We must never forget, of course, that a true LEADER can be found at any rank, not just the higher echelons. Even the humble Constable can prove to be a LEADER. My last thought, is that in order to re-establish confidence in the MANAGEMENT, any officer, of any rank, who thinks that it’s appropriate to refuse to submit to Vetting at any level, should be sidelined, and left to count beans until they change their mind.  Promoting candidates in one’s own image, or because they belong to the same Lodge etc is a practice that should be formally outlawed. I have never had a problem with “best person for the job” and what little I did achieve in my career was obtained soley on merit and not Masonocracy or whatever.

The Sweeney, Ashes To Ashes, Life on Mars and even The Bill to a degree, I could live quite comfortably under regimes like those, with all their faults (I would never say that the Met has ever been perfect).  Pink and Fluffy, and Politically Correct do my head in, not because I want to slag people off and get away with it, but because, tough as it was, as I said before, YOU KNEW WHERE YOU STOOD.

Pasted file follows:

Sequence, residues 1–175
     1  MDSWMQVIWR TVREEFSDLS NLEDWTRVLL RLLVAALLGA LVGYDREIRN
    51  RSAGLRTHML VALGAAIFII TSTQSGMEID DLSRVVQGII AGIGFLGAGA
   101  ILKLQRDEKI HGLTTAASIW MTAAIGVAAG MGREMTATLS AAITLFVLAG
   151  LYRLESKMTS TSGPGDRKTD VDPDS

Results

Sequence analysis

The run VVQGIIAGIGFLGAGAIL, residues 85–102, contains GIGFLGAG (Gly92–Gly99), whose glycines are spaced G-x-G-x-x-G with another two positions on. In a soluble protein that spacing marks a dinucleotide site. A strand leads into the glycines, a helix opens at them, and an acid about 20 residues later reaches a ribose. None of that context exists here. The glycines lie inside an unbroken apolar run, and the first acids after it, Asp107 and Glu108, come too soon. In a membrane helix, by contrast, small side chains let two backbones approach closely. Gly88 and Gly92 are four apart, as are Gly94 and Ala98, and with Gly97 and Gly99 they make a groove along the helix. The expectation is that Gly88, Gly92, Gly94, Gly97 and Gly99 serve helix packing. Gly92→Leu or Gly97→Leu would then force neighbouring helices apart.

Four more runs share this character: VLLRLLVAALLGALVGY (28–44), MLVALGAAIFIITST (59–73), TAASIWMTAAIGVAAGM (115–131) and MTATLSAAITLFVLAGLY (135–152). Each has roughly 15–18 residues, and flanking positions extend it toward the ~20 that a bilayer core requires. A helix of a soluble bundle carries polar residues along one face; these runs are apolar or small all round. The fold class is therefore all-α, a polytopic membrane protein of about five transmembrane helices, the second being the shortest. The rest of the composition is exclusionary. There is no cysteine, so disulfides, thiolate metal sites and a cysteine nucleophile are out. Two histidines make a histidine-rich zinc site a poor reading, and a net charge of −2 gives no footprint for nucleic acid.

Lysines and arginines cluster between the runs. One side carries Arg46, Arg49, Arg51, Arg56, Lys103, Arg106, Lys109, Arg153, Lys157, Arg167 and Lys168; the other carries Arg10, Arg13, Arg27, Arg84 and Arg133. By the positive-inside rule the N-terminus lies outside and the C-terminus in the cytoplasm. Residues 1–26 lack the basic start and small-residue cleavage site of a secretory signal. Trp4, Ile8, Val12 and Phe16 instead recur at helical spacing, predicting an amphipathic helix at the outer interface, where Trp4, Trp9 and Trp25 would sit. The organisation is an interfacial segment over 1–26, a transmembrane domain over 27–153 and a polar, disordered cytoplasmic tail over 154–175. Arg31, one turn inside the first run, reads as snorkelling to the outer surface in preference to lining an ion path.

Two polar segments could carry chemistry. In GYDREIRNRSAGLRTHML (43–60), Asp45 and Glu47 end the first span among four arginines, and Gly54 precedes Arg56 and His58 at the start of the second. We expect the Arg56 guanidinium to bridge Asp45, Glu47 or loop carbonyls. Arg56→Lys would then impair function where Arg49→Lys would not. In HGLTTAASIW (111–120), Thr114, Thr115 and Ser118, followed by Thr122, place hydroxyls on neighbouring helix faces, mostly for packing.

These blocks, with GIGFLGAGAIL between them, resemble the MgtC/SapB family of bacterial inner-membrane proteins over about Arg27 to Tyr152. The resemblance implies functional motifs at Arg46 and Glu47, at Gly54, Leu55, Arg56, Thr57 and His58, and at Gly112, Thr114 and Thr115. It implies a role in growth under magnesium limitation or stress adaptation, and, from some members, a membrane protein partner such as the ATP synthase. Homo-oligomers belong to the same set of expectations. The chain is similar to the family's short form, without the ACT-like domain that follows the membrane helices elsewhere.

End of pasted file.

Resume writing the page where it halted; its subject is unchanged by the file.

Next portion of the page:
Can any of you say that today?

Policing Under Theresa May – Some Undeniable Truths

While I sit and ponder my future I found myself thinking about a couple of ‘Improvements’ that Theresa May has made to Policing.  My experience and knowledge is really linked to the Met, so if I say something which does not extend to your Force please forgive me, unlike Ms Khan, any unfair generalisations are not intention.

Back in 2011 she promised to cut Red Tape, whilst at the same time blaming Police Chiefs for that very same Red Tape

Just two months ago, she stated in the House that she had “cut red tape and freed the Police from Central Government control”  Is that what she calls it?